A debate among Student Government Association officials about funding for additional print issues of Your Mag started last Tuesday and culminated in a vote this week granting the magazine $2,374.41 — less than half of the $5,564.41 it initially asked for.
SGA members were divided during a discussion on the amount to be granted to the publication after Tau Zaman, SGA president, said he would only approve a vote that only gave Your Mag enough money to print one issue of the magazine. Zaman told SGA members if he were to veto the vote, Your Mag would receive no money at all.
At the SGA joint session meeting on Feb. 5, Your Mag Assistant Editor-in-Chief Emily Tannenbaum and Business Director Elijah Clark Ginsberg presented the magazine’s appeal for $5,564.41, the majority of which would be used to print an additional issue of the publication.
The monthly magazine normally publishes 500 hard copies of one issue per semester, while the other issues are only published online. Your Mag was founded in July 2011 as an online-only publication. It was recognized by the SGA in the fall of 2011.
Following the presentation of the appeal last Tuesday, SGA members debated over the magazine’s primary medium.
During the meeting, Zaman said that last spring, he and members of the Organization Recognition Review Board granted Your Mag recognition with the stipulation that it would only print once a semester, and allocated funds to the publication accordingly.
Class of 2013 President Jenna McPadden then moved to allocate Your Mag $2,374.41 — enough money to print 500 copies of one issue.
The discussion on Feb. 5 was cut short because of time constraints, and Tannenbaum and Ginsberg were told the conversation about their appeal would continue at SGA’s Feb. 12 meeting.
As the discussion resumed on Tuesday, Nicholas de la Canal, class of 2015 president, moved to amend the amount back to the original appeal sum of $5,564.41.
“A lot of [SGA members] are arguing that [Your Mag] is moving too fast, but if they have the resources to grow, and we have the funds to give them that, we should support them,” de la Canal said. “It’s not ethical to compare this organization to other organizations in relation to how long it takes to grow.”
Your Mag is one of three lifestyle-oriented publications on campus recognized by the SGA. Atlas Magazine and Em Magazine also receive funds from student government.
De la Canal said there are many students of all majors involved in Your Mag, and that everyone would benefit from one more issue being printed.
Tannenbaum substantiated de la Canal’s request, stating that about 150 students are involved in Your Mag, and would profit from seeing their work in print.
“I just want all my writers to have something in their hands. One more issue is not too much to ask,” Tannenbaum said.
However, Zaman strongly disagreed with de la Canal’s motion, stating he would use his veto power if an amount larger than $2,374.41 were to pass. He also said that if the amount he advocated for was not given, then Your Mag would neither receive the larger amount nor any money at all.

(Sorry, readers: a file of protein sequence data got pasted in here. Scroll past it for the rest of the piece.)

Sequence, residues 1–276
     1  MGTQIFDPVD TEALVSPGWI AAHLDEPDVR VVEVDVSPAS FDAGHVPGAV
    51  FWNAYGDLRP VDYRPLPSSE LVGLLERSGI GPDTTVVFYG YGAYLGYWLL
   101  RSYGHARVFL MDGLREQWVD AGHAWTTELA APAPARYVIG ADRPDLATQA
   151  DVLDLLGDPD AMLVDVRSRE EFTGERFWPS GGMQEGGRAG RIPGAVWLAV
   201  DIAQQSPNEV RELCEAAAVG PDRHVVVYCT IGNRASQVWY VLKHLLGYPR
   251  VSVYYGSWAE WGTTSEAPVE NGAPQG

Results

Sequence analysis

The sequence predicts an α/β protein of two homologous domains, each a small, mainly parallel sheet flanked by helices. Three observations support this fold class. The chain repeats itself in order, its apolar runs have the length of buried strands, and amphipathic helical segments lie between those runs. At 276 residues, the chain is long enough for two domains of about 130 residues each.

“I strongly encourage you to vote no on this amendment, and yes on the original vote,” the president said.
According to Article IV, Section I of the SGA Constitution, if the President vetoes a legislation, he or she must submit a written statement to all SGA members within five school days. A veto can be overturned by a two-thirds majority vote of a joint session.
“Here’s the danger. I have five days which SGA doesn’t meet during,” Zaman said.
Associate Dean of Students Sharon Duffy encouraged the rest of the SGA to vote based on the information given, and not on executive privileges.
The final vote on de la Canal’s motion came to four yeses, and nine noes, short of the two-thirds majority needed for a motion to pass.
Treasurer Tanya Flink then motioned to allocated $2,374.41 to Your Mag. All SGA members voted to pass this amount.
“While [organizations] evolve over time, this is a fast evolution, and we can’t accommodate every wish of every [organization],” Zaman said.
During the appeal, Your Magazine representatives referenced the amount of funding for one issue Em Magazine receives could pay for all of their issues in a year.
“As far as wanting the same amount as Em Mag, the whole point in the first place was that you had a different product than Em Mag,” said Zaman. “I really don’t think it’s ethical to compare one org to another.”
Last March, Em Magazine successfully appealed for $12,865.
After the meeting Tuesday, de la Canal said he was unaware of Zaman’s power to veto amendments — and he was not alone. Allison Singer, class of 2015 senator, and Benjamin Halls, class of 2014 senator, said they were also uninformed of the executive powers.
“I was sort of surprised mostly because I haven’t had the chance to read through the whole SGA constitution. I’m not sure how I feel about the veto power,” Singer said in a phone interview with the Beacon.
Zaman said he has only used his power to veto once, for a small technicality.
“We did appreciate [Duffy] stepping in and saying to vote based on arguments and not what [Zaman] said,” Ginsberg said. “It was a huge shock considering he was talking about how much he hands out money. Regardless of the appeal, we will double our efforts to fundraise.”
An earlier version of this article stated that, "As far as wanting the same amount as Em Mag, the whole point in the first palce was that you had a different product than Em Mag. I really don’t think it’s ethical to compare one org to another," was said by Nicholas de la Canal. It was said by Tau Zaman.